The Life and Times of Michael B

Ferguson put the U.S.’ racial apartheid on the global stage.

Institute for Policy Studies

By John Feffer

Marchers protest the acquittal of Michael Brown’s killer in Chinatown, Washington, DC. (Photo: ep_jhu / Flickr)
Marchers protest the acquittal of Michael Brown’s killer in Chinatown, Washington, DC. (Photo: ep_jhu / Flickr)

Economic inequality is a hot topic in America these days. It is the subject of hefty bestsellers, presidential addresses, and even Hollywood movies. The issue has even appeared on the radar screen of foreign policy pundits.

In this Sunday’s Washington Post, former assistant secretary of state Kurt Campbell writes about how “income inequality undermines U.S. power.” Campbell writes about how the growing divide between rich and poor undercuts U.S. “soft power” and saps U.S. ability to compete economically with a thriving Asia. Continue reading The Life and Times of Michael B

English cardinal: Young Africans being seduced into modern slavery

Catholic News Service

By Simon Caldwell

Newly freed human trafficking victims from Myanmar are held in a detention cell near the Thailand-Malaysian border. (CNS/Reuters)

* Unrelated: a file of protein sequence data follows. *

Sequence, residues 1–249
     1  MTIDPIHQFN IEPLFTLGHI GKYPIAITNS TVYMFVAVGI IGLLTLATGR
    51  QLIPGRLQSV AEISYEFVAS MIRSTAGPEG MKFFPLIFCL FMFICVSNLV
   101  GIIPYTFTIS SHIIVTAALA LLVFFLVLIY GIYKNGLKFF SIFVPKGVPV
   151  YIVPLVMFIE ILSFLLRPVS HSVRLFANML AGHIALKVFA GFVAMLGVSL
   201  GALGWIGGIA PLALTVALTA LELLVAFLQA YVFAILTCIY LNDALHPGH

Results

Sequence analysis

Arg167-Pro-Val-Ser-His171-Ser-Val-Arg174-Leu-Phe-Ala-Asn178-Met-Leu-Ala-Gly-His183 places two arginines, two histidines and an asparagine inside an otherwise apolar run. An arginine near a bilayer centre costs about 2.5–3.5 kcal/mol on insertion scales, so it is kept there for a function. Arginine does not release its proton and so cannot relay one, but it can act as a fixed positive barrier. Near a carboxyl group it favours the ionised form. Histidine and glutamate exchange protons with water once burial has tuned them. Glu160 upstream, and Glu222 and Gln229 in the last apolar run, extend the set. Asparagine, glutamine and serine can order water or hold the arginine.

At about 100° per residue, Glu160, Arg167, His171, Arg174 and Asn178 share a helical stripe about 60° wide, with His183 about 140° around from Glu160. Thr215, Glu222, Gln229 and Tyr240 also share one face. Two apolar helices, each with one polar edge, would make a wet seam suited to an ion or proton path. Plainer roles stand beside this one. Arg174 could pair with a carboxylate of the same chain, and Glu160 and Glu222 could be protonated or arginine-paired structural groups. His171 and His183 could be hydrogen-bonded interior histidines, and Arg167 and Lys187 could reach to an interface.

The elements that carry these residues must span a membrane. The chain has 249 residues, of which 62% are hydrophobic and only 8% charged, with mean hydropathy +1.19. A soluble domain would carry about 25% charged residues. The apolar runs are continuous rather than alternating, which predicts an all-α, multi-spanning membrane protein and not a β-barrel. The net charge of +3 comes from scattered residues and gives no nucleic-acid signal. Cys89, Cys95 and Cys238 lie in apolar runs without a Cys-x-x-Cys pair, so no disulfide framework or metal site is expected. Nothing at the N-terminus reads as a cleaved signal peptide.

Newly freed human trafficking victims from Myanmar are held in a detention cell near the Thailand-Malaysian border. (CNS/Reuters)

MANCHESTER, England (CNS) — Young Africans are being seduced into modern slavery by the promise of a dream that never comes true, an English cardinal told a conference on human trafficking.

Cardinal Vincent Nichols of Westminster said “there seems to be no enticement that isn’t being used” by human traffickers to entrap children. Continue reading English cardinal: Young Africans being seduced into modern slavery

Statement of Catholic Theologians on Racial Justice

Catholic Moral Theology

Posted by David Cloutier

Advent is a season of waiting and of hoping. In the face of conflict, distrust, and division – in the wilderness – we are called to cry out for a different way. In consultation with several others, CMTer and former law enforcement officer Tobias Winright has prepared a statement of commitment to racial justice, which names the particularly difficult hope we might bring to illuminate darkness. We are happy to share the statement here on this blog. Many Catholic theologians, including myself and my co-editor, Jana Bennett, have already signed on to the statement. Please pray and act for truth and reconciliation this season…

Statement: Catholic Theologians for Police Reform and Racial Justice Continue reading Statement of Catholic Theologians on Racial Justice

Christian, Muslim leaders vow to ‘walk hand in hand’ to promote peace

Catholic News Service

By Cindy Wooden
ROME (CNS) — Catholic, Anglican, Sunni and Shiite leaders vowed to do all they can to combat “ugly and hideous” distortions of religion, and to involve more women — often the first victims of violence — in official inter-religious dialogues.

Holding the third Christian-Muslim Summit in Rome Dec. 2-4, the leaders said that while more and more women are involved in high-level dialogues, there is still much to be done, including recognizing that “women play a key role in peace building.” Continue reading Christian, Muslim leaders vow to ‘walk hand in hand’ to promote peace